Fall has just landed upon us. This is my favourite time of year. The air gets a chill, especially in the mornings and evenings, and leaves are changing into brilliant shades of yellows, oranges, and reds. And there is an abundance of holidays including, in our family, several birthdays, two Thanksgivings (I was born in the U.S., but live in Canada), Halloween, Hannukkah and Christmas (not only a duel national family, but also multi-faith) and to cap it off New Years. When we’ve celebrated all of the holiday and the reality of winter is upon us, many people take this time to set goals. It’s really kind of an arbitrary time to do it. Why not on your birthday own birthday or any other day of the year?
Regardless of when they set goals, the reality is that rarely do people follow through. One of the biggest issues is that we don’t focus on what we need to do to follow through. We set a bunch of random goals that we want to accomplish in the next year and then get frustrated because we don’t achieve them. The problem is that when people set them they often don’t take the next step in figuring out how to achieve them.
The following is what I’ve done and continue to do:
A couple of years ago a sudden illness knocked me out of commission for about three weeks. It gave me the opportunity and perspective on life to think about what really matters to me. From this I came up with a list of the important areas of my life:
- Take Care of Myself – if I’m not physically and mentally healthy I can’t accomplish any of my goals
- Love – this is about taking care of my relationship with my significant other, that person I want to share the good and the bad with for the rest of my life
- Parent – I believe in not just telling my daughter I’m here for her, but showing her that I am
- Family and Friends – there is strong evidence that people who have active social lives are healthier and happier
- Be a Leader for Change in Education – I want to work with others in making education more accessible, more enjoyable, and better at preparing students to solve the problems society is facing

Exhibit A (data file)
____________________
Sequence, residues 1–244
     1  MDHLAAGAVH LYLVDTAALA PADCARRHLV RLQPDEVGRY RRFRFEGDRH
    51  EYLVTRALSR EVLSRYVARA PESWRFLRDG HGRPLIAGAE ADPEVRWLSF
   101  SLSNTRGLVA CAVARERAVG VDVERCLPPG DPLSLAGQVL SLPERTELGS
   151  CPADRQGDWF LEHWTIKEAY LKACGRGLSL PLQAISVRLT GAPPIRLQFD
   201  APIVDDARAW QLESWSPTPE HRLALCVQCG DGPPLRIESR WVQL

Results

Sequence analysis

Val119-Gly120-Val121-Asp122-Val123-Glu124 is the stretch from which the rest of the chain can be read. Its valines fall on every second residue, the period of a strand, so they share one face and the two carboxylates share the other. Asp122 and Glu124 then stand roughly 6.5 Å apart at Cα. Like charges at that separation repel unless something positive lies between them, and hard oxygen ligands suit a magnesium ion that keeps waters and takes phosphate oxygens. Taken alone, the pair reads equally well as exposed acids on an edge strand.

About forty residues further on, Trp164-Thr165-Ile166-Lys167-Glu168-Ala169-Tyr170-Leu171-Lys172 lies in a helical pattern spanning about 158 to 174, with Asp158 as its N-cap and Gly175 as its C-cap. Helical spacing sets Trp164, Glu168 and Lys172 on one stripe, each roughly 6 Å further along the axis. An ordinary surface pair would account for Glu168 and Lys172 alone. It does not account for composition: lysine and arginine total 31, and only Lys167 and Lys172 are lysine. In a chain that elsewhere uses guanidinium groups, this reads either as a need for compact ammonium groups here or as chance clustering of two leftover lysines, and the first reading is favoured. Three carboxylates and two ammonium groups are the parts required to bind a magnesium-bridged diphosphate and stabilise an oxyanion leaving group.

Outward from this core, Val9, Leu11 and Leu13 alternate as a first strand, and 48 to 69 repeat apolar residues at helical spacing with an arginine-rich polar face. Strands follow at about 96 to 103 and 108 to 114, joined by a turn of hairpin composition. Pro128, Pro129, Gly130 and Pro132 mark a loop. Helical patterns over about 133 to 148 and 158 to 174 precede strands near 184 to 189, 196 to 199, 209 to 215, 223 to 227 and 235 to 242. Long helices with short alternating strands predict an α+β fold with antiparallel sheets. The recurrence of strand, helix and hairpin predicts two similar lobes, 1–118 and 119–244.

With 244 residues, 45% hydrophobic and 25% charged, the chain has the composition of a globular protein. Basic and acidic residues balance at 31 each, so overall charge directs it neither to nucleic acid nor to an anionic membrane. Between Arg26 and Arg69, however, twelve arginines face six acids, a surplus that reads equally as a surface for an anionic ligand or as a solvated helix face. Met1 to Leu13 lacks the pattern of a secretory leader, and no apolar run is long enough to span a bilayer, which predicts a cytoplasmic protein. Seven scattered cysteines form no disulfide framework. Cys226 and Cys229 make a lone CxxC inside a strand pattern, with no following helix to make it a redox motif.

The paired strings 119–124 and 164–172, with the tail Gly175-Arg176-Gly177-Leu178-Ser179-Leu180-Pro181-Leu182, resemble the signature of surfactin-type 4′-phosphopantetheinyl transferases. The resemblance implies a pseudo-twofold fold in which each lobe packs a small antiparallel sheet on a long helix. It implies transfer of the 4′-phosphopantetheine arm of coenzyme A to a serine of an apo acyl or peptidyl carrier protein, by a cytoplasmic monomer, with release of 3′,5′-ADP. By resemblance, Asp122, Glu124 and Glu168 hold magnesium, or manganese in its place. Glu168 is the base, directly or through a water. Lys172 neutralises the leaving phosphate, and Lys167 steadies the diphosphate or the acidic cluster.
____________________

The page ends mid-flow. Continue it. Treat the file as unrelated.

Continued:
- Make the World A Better Place – this is about contributing to my community, both locally and globally.
- Financial – I try to find the balance between being able to afford to do what I want in life and providing for our daughter without having to work so much that I don’t have time to enjoy everything else in life
While I have some long-term goals in each of these, most of my planning happens at a more short-term level. Every month I make at least one goal in each of these areas, keeping in mind any longer term goals I may have. Every week, I look at those monthly goals and set weekly goals for each area that will be a step toward those monthly goals. It’s easy to let six months go by without moving on a goal when we only set yearly goals.
If you set yearly goals, immediately set goals for the first month. Try to have at least one goal for each area that will help you move toward your yearly goal. These goals should move you forward, but not be exactly the same as your yearly goals. Once you’ve done that, immediately set your goals for the first week. Try to have at least one goal for each area that will be a step toward your monthly goal. This is going to help you to take action toward your yearly goals every single day, even if that’s just going for a walk or signing up for a gym membership toward that yearly goal of wanting to be fit and have lots of energy.
Start with those big yearly goals (you can even start bigger with maybe a 5-year plan), and then work your way toward the details so that you can take those concrete actions toward the big goals. If you already have yearly goals, start today with making monthly goals (you don’t have to wait for the start of a new month or new year to make goals).
Taking this approach, including establishing the important areas of my life and setting goals for shorter timeframes has helped me to make great strides toward what I want in life, lowered my stress levels, and made me feel like I have some actual balance in my life.
Photograph by Nick Youngson. Used under a CC-BY-SA license.